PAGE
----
- There are around 26,000 adults in Wales living with epilepsy
- 88 epilepsy nurses are needed in Wales to provide adequate care for people with epilepsy. Currently, there are only nine
Epilepsy charity, Epilepsy Action Cymru, is leading the call for more epilepsy specialist nurses in Wales. The charity launched the campaign ‘Epilepsy Nurses: Quality, Value, Care’ with an event at the Senned on Wednesday 28 September.
There are around 26,000 adults in Wales living with epilepsy. One person in every 94 has the condition. In 2007 the Welsh Neuroscience External Expert Review Group recommended that each specialist nurse should have caseload of around 300 patients. This means that there should be at least 88 epilepsy specialist nurses in Wales to provide an adequate level of care for people with epilepsy. Currently, there are only nine specialist nurses in place. In some health board areas there are no epilepsy nurses at all.
Simon Wigglesworth, deputy chief executive of Epilepsy Action, said: “Epilepsy specialist nurses play a crucial role in the care of people with epilepsy, yet there are far fewer epilepsy nurses in Wales than are needed. This means that many people with epilepsy in Wales are not receiving the care and support they need – and deserve.
“Epilepsy can be a confusing and isolating condition, and there are over 40 different types of seizure. This means that everyone’s experience of epilepsy is very different. Epilepsy specialist nurses are a lifeline, offering expert knowledge and support in the diagnosis, treatment and care of people with epilepsy. They manage clinics and offer people counselling, advice and discussion on all aspects of their condition. They also work between GP practices and hospitals, developing the knowledge of GPs and practice nurses. We are calling on the Welsh Government to work with the necessary agencies to provide more epilepsy specialist nurses in Wales. They are vitally needed.”
Epilepsy specialist nurses are at the heart of caring for thousands of people living with epilepsy in the UK. These vital nurses promote good practice and act as a specialist resource in the diagnosis, treatment and care of people with epilepsy. They manage clinics and offer people counselling, advice and discussion on all aspects of their condition. They also work between GP practices and hospitals, developing the knowledge of GPs and practice nurses.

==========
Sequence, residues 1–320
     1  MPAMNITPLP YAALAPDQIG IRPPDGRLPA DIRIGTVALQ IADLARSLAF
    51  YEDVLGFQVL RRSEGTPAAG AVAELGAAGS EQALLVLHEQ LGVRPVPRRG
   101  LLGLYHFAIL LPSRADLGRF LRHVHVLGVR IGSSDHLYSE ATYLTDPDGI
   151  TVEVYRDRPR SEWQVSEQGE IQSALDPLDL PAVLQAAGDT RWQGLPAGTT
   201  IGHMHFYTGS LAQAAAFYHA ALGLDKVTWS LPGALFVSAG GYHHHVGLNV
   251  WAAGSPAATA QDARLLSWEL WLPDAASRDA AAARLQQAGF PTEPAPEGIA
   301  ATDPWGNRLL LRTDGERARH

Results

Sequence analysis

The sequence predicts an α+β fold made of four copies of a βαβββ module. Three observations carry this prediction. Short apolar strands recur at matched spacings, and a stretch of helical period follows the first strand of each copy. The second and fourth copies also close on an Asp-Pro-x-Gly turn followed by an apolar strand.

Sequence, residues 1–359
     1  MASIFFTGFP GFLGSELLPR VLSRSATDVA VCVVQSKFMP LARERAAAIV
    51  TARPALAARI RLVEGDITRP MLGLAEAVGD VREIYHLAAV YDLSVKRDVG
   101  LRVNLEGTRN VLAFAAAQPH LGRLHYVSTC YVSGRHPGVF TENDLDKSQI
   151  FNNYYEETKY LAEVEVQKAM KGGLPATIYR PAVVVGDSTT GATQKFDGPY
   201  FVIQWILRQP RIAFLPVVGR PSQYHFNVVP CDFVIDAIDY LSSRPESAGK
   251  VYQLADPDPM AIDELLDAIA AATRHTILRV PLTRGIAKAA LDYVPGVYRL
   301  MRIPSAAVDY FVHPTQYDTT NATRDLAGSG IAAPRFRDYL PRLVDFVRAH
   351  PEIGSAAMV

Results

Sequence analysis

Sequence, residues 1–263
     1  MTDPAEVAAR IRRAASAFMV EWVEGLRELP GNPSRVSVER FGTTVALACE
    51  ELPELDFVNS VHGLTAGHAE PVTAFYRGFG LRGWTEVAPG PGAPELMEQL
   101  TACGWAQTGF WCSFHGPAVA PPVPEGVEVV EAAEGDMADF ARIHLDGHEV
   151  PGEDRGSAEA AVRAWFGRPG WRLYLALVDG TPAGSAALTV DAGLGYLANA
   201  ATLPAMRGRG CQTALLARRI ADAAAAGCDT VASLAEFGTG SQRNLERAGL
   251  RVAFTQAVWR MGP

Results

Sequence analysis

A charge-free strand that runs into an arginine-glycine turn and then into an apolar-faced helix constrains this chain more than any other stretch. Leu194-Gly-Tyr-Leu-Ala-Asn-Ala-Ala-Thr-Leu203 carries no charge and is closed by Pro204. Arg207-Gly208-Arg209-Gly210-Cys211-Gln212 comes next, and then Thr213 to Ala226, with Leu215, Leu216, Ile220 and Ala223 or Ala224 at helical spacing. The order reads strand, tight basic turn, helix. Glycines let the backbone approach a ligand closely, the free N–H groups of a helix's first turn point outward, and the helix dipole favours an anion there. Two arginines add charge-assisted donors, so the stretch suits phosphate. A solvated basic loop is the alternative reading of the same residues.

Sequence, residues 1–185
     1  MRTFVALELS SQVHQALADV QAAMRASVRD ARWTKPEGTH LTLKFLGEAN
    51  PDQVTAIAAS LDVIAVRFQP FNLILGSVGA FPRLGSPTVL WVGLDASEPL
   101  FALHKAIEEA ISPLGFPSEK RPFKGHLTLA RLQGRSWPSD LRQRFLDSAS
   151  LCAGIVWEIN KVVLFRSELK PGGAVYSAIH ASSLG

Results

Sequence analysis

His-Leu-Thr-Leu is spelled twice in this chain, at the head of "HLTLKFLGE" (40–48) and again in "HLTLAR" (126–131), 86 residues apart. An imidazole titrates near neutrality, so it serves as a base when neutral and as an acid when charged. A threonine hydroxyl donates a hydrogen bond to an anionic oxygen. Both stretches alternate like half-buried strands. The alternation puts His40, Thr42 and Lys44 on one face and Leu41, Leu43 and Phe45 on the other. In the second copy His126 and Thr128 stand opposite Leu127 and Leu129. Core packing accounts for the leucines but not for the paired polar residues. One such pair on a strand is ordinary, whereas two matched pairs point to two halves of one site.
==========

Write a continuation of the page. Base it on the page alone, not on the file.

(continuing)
Michael Dix-Williams, 48, from Port Talbot has had epilepsy since he was 13. In the past few years, the dedication and perseverance of his epilepsy specialist nurses has helped him to become seizure free. Michael tried different epilepsy medicines but none of them controlled his seizures. In 2010 he heard about an epilepsy treatment called vagus nerve stimulation (VNS) therapy. This involves a small electrical device, like a pacemaker, which is implanted under the skin and sends electrical impulses to the brain. This can reduce the number of seizures that someone has or make them less severe.
Michael received a VNS implant and was introduced to the epilepsy specialist nurse team in Cardiff. The nurse team helped him through the next two years, working tirelessly to get the settings of the implant right for him. Finally in 2015, the right settings were found. Michael has now been seizure-free for 14 months- the longest time without a seizure since he was 13.
Michael said: “If it wasn’t for the nursing team, my life wouldn’t be like this. They had the time to work so closely and consistently on the settings of my VNS until we got it right. As well as this, their care and accessibility made them an invaluable resource in my life. It was such a difference to be able to make an appointment and see them quickly, rather than waiting for an annual consultant appointment. I would honestly say that an epilepsy specialist nurse is worth their weight in gold for someone like me. I feel like I have got my life back.”
‘Epilepsy Nurses: Quality, value, care’ will run for the rest of 2016 and in to 2017. Epilepsy Action Cymru is calling on people in Wales to contact their Assembly Members to encourage them to engage with the campaign. People can find out more by visiting epilepsy.org.uk/nursecampaign or emailing firstname.lastname@example.org.